Whatever you want to call the state of mind described in the first part of the poem, the last stanza – the sestet if we’re being technical – is interesting. As some of you students of the Italian sonnet reading this may know, the sestet is supposed to bring a ‘turn’ – a change of focus or tone that puts what has hitherto been said in a different light. In this stanza what comes with the turn is this: that the source of despair is not God, or His supposed abandonment of Hopkins, or the world, but (I am gall, I am bitter) himself; the bitterness he is tasting is that of his own self, the reason that his spirit cannot rise is his own ‘dull dough’. And Hopkins sees a lesson to be learnt in his desolation:

I see 

The lost are like this, and their scourge to be 

As I am mine, their sweating selves; but worse.

The ‘lost’ are the damned, those who in Dante’s Inferno we see suffering fates that match the sins that they committed on earth. Dante wanted to show us that sin and misery go hand in hand, that their very worst punishment is to be who they are, to be what they have made themselves. Hopkins echoes this idea, describing the lost as being ‘the scourge’ of their ‘sweating selves’; Hopkins is hardly the type to go all fire and brimstone on us, which had – at least in literary circles – gone out of fashion since Dante’s time, but isn’t it clever how ‘scourge’ brings in the idea of punishment, perhaps too of torture, while ‘sweating selves’ brings to mind those naked sinners roiling in hellfire? Having expressed his darkest despair, Hopkins is steeling himself to accept his life on earth, and perhaps, implicitly at least, to try to be a better person, as hard as it is. While he might be describing something very like what we would call depression, he does not after all seek an external cure or comfort.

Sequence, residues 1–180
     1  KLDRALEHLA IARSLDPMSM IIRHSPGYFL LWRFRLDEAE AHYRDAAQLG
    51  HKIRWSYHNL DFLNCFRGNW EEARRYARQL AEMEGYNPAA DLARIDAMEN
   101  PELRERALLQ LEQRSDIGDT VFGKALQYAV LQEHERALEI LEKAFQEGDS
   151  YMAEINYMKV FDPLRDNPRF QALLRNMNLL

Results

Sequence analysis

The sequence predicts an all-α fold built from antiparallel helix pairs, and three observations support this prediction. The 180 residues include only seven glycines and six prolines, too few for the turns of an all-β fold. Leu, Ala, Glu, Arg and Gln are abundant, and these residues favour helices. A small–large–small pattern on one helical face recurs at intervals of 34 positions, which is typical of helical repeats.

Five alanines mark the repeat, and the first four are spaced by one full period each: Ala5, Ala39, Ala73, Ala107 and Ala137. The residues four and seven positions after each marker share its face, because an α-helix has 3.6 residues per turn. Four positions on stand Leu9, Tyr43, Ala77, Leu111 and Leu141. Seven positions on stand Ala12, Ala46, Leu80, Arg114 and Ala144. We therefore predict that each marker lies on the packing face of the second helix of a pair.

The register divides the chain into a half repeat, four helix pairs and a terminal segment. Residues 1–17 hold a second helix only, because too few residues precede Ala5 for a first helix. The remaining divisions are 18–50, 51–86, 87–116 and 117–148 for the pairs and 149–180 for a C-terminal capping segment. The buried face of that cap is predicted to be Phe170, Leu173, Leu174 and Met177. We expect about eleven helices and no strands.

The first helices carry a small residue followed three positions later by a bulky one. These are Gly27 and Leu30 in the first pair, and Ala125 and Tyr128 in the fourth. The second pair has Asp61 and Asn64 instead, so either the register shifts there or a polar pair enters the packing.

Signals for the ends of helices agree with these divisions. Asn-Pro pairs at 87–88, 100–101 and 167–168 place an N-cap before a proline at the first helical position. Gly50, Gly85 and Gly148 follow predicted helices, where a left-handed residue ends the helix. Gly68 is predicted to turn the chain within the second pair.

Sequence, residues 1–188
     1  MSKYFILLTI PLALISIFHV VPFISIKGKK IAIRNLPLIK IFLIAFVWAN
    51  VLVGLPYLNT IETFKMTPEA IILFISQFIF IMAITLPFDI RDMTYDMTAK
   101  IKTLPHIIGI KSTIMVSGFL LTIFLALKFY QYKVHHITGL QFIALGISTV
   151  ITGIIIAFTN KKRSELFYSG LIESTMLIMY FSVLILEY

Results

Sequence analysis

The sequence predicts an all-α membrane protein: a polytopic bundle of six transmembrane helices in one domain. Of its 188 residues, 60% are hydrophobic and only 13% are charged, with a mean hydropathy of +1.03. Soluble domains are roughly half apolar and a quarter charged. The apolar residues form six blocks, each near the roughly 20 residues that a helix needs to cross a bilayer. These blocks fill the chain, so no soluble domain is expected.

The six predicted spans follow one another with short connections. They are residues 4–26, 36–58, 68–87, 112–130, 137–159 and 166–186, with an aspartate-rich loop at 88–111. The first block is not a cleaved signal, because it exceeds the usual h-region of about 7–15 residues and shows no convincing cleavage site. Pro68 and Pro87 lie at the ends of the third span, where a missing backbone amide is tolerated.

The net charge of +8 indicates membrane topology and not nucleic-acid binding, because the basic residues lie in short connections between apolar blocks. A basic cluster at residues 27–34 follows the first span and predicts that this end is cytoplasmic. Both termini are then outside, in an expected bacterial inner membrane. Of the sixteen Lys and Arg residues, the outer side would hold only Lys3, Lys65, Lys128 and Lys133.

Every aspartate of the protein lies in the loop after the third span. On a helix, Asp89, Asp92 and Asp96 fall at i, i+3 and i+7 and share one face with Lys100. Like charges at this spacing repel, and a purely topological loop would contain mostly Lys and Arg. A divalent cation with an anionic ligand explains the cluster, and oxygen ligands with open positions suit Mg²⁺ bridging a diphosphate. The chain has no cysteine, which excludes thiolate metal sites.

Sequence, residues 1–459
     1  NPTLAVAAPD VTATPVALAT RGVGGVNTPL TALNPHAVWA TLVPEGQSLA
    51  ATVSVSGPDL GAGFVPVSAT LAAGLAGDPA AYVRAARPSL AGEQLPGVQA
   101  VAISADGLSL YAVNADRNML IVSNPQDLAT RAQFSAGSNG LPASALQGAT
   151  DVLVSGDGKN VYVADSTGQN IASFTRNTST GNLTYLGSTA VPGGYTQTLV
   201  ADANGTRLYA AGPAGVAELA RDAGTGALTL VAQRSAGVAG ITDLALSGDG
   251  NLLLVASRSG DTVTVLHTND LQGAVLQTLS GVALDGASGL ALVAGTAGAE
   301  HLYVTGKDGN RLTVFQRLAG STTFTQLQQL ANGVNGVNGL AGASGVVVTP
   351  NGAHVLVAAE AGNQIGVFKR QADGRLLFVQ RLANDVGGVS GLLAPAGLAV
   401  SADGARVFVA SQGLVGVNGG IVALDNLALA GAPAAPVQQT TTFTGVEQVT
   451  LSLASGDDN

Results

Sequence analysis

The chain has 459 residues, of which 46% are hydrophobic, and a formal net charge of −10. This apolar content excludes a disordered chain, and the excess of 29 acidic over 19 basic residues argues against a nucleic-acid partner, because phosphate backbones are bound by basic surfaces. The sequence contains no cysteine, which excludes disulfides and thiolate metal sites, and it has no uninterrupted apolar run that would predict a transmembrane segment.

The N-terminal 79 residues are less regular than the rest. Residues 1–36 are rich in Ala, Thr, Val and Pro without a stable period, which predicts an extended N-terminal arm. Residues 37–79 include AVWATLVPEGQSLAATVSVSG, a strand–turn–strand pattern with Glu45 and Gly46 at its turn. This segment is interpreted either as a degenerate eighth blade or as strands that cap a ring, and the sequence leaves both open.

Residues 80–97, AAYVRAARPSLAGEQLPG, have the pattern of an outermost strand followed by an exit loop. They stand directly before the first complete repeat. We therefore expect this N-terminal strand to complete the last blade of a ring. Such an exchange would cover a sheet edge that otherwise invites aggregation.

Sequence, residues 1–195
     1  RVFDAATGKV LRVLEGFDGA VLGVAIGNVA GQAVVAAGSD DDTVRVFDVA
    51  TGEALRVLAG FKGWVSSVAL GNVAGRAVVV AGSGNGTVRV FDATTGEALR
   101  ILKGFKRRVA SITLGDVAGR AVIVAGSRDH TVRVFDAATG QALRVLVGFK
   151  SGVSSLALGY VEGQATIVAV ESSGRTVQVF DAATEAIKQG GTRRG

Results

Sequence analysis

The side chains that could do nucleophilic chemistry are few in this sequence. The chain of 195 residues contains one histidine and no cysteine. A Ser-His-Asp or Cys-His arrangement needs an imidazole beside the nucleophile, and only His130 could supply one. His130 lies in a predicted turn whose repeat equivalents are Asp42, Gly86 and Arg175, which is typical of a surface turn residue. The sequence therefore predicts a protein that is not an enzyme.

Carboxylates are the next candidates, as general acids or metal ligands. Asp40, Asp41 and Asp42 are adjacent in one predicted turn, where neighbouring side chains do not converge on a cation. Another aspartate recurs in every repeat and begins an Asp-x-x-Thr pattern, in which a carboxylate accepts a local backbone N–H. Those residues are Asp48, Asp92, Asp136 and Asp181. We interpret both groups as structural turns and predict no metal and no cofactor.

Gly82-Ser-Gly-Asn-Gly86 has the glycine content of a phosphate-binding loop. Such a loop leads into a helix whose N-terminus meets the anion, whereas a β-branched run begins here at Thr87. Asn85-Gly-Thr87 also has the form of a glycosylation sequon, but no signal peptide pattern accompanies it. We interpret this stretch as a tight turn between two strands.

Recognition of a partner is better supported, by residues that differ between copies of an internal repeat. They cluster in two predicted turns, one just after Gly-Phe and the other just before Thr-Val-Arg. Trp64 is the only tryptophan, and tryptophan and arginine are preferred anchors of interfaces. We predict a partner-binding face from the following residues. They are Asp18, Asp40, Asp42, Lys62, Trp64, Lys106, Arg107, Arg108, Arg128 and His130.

Filed under Literature, Poetry

10 responses to “‘I wake and feel the fell…’

  1. Thank you for posting this one with your commentary; you bring new insights to his dark sonnets.